s300_industrial-strategy-cover2Today the government released a Green Paper – Building Our Industrial Strategy. This is important stuff. Strategic planning is what government’s should do, and, mostly, leave the businesses and entrepreneurs to deliver on the strategy.

I’ve learned, over the years, that readers here have rich and wide experience in many sectors of our economy. I thought, therefore, that it might be worthwhile to provide that Green Paper here – all 132 pages of it.

There’s a one page summary of the Industrial Strategy to be seen HERE.

A little odd thought just crossed my mind about 132 pages. Haven’t other documents I’ve posted here also been 132 pages in length. I wonder, is it something to do with printing – multiples of eight plus 4 pages for the cover. Just a thought.

Carelessness with government sensitive papers should be career limiting

There have been numerous occasions when eagle-eyed photographer Steve Back captured sensitive and confidential government documents being held openly by ministers, and the like, attending meeting at 10 Downing Street. Heck, I wrote about it in “Let’s end these unseemly security breaches” not long ago.

confidential-papersFor want of repeating myself, this is what I wrote then,

If it’s a secret, confidential, or sensitive document then it should be held securely in a document wallet, attaché or brief case. It’s cavalier and unprofessional to simply hold such papers in one’s hand, as it’s easy to drop them, lose them to a strong wind, or allow their contents to be viewed by a long camera lens. It should not happen, and sends the message that security considerations are an inconvenience. Wrong, what should be held securely, should be secure.

Seems no one’s learned. Today Steve Back captured this photo. All that can be said in defence of the incautious idiot is that it was on the way in to No 10 and not the reverse. If you’re keen to see an interpretation of the words, they can be seen HERE.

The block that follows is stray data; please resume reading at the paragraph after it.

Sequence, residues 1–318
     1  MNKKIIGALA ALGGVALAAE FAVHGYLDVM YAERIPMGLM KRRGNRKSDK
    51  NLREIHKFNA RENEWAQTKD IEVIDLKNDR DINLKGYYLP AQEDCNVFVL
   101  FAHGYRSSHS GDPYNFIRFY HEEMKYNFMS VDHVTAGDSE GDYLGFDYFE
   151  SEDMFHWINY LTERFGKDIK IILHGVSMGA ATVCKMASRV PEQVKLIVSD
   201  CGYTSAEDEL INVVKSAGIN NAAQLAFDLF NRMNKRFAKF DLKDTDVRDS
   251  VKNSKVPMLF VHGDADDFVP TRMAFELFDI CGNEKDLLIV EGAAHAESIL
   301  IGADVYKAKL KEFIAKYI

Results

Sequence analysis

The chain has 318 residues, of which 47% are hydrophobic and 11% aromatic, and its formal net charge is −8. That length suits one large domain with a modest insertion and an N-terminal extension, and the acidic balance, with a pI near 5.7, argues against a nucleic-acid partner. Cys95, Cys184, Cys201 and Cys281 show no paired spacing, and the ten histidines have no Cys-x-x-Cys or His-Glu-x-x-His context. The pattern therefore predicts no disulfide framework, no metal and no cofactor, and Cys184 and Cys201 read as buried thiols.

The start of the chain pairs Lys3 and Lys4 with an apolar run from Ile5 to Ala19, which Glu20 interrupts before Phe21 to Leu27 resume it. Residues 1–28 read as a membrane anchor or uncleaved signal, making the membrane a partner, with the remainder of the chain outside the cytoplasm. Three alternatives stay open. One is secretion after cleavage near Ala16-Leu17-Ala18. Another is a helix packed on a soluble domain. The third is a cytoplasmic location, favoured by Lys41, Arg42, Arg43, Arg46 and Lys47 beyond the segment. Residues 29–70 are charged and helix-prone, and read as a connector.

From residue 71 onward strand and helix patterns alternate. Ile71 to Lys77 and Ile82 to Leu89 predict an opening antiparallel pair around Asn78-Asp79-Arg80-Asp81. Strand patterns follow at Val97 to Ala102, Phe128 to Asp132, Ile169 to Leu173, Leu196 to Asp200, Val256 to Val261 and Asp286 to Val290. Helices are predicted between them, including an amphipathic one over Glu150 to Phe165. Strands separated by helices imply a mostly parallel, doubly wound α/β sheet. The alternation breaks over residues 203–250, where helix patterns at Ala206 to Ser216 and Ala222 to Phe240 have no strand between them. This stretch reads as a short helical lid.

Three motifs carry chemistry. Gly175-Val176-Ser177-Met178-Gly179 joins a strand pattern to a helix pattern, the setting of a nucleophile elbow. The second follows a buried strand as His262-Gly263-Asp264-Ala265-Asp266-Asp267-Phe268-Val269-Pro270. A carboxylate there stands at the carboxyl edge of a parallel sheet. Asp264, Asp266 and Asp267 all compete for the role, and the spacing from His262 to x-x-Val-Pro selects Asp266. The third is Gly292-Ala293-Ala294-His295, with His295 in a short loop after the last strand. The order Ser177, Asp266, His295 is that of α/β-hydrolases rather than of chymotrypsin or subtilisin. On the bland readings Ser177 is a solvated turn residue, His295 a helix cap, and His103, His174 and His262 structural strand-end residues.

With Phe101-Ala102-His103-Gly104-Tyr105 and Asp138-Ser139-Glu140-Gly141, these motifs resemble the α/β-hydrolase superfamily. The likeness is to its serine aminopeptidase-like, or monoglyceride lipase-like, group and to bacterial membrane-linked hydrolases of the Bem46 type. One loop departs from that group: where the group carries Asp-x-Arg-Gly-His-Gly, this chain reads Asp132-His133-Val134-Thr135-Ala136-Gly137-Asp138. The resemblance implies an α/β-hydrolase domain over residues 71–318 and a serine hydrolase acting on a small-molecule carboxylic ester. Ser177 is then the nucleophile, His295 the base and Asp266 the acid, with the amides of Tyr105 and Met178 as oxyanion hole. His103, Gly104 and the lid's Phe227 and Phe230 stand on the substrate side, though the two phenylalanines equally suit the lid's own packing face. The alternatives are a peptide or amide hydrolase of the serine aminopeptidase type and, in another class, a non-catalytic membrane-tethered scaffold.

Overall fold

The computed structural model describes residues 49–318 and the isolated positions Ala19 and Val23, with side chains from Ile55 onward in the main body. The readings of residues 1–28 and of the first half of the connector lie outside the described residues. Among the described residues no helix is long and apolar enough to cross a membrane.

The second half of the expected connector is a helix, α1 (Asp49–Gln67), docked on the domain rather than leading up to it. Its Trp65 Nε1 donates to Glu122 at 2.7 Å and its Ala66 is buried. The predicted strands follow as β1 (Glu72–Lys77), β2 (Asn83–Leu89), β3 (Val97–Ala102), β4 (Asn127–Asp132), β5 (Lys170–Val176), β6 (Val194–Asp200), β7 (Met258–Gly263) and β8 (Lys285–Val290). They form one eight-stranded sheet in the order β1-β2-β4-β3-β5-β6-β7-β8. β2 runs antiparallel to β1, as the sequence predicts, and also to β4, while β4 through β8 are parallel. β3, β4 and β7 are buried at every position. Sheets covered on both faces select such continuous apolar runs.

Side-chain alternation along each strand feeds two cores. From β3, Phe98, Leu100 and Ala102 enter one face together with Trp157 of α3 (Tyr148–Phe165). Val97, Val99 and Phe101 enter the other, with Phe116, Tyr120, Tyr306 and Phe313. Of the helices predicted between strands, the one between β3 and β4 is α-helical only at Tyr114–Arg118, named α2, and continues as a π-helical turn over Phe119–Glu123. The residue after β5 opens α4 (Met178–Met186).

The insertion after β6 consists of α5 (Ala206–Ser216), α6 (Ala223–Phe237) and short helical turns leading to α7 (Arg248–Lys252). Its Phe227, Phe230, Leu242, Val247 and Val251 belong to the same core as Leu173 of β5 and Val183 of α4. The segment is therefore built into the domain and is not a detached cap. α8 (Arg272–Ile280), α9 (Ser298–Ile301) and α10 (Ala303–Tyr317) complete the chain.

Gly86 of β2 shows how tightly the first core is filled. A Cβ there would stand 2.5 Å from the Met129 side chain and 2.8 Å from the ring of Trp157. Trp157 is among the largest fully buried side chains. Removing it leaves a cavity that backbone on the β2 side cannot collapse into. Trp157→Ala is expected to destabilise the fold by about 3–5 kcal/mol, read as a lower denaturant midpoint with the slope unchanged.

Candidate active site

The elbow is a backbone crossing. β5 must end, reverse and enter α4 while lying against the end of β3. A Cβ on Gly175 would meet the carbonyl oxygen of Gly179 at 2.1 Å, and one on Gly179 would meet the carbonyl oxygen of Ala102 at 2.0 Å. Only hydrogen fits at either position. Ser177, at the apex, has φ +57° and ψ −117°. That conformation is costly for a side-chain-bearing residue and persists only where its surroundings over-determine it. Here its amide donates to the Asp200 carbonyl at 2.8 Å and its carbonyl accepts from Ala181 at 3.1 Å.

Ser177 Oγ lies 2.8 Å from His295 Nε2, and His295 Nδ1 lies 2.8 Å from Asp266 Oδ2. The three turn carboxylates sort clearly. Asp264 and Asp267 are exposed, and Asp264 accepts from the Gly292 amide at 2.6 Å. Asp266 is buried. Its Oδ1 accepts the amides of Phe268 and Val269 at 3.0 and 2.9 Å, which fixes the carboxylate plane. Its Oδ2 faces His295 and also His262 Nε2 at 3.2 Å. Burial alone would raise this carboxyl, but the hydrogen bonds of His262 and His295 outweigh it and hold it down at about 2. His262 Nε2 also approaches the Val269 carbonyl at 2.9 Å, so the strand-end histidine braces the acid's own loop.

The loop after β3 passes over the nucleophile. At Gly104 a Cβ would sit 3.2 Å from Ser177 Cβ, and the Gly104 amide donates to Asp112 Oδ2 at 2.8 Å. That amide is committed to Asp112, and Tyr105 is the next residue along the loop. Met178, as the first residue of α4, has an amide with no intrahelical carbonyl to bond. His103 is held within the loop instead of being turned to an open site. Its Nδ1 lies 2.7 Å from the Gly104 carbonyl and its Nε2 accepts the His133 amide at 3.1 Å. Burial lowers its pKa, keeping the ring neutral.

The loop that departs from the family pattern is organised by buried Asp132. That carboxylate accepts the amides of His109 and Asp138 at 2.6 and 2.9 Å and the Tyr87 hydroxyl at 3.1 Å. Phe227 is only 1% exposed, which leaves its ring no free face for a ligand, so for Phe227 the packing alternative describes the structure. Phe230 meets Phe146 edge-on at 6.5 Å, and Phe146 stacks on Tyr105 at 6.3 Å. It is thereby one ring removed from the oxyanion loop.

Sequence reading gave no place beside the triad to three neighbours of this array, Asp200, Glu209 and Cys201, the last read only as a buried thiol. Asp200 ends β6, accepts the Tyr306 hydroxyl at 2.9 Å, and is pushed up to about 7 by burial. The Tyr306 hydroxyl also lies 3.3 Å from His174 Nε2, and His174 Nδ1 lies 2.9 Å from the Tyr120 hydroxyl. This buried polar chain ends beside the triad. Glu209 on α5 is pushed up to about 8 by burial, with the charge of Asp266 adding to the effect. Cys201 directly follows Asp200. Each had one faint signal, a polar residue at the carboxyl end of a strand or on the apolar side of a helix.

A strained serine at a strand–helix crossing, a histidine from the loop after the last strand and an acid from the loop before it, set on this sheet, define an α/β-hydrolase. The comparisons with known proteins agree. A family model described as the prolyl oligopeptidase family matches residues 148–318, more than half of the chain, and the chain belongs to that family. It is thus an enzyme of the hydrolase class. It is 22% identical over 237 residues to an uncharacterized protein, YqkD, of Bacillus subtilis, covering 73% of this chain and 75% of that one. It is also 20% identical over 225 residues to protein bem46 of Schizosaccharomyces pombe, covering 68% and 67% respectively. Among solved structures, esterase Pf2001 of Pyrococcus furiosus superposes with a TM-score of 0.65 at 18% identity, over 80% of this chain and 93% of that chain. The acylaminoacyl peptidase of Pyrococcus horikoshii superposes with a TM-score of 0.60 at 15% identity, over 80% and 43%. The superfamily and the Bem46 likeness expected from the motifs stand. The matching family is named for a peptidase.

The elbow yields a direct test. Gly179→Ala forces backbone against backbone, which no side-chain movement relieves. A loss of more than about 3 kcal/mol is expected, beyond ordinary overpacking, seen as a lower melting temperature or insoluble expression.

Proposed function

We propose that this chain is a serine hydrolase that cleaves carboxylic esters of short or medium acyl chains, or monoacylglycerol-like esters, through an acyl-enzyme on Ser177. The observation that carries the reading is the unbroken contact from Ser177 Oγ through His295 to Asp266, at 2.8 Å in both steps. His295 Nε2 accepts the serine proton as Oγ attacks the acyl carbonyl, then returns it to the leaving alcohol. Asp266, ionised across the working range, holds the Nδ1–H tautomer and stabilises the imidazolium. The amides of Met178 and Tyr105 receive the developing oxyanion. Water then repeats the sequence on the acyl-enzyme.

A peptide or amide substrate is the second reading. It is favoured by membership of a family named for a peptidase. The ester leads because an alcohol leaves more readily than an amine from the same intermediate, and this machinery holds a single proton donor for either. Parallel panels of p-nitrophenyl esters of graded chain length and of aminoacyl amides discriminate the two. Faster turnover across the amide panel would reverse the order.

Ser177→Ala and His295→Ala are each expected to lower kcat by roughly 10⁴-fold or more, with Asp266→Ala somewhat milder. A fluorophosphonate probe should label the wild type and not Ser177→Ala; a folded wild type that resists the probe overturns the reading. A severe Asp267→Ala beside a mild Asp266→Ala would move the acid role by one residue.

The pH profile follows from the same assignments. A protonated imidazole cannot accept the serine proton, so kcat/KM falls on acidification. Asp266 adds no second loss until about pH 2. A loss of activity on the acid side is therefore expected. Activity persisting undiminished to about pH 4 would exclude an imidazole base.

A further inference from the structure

Alternative legal opinions on the High Court judgement on Parliament’s Brexit vote

I’ve read the whole High Court judgment on the case of Miller v Secretary of State for Exiting the European Union. You can read it HERE.

The point of law was whether the Government had the power to sign Article 50 of the Treaty of the European Union. The judges said no it had not, and in consequence Parliament must have a vote prior to its signing.

In our constitution Parliament sits above the law – not though the rule of law. Inasmuch that the Government is answerable to Parliament. I suppose you could say that Parliament is superior to Government. Government governs – such a simple concept. Parliament oversees and holds the Government to account – again a simple concept. No need for the Judges to interpret this process – when it’s blindingly obvious what the nation expects the government and parliament to do – and that is to sign Article 50 to leave the EU.

judicial-power-projectIf you’d like to read some learned legal views on the High Court judgement, then you can at the Judicial Power Project. Pleasingly they’ve got five short legal critiques, and other brief legal views of what happens next, and the bigger picture.

Here’s the final part of one of the five views, worth reading all five. This one by Richard Ekins [click to read], who is Associate Professor of Law in the University of Oxford and Head of the Judicial Power Project.

The Government’s intention to trigger art. 50 by way of the royal prerogative, challenged in Miller, is entirely consistent with this rule. It is consistent also with responsible government and parliamentary democracy, for the Government is and always has been accountable to Parliament for its exercise of the prerogative.

Parliamentary sovereignty is rightly fundamental to our constitution. But the Miller judgment was not necessary to protect it and, welcome rhetoric notwithstanding, does nothing to uphold it.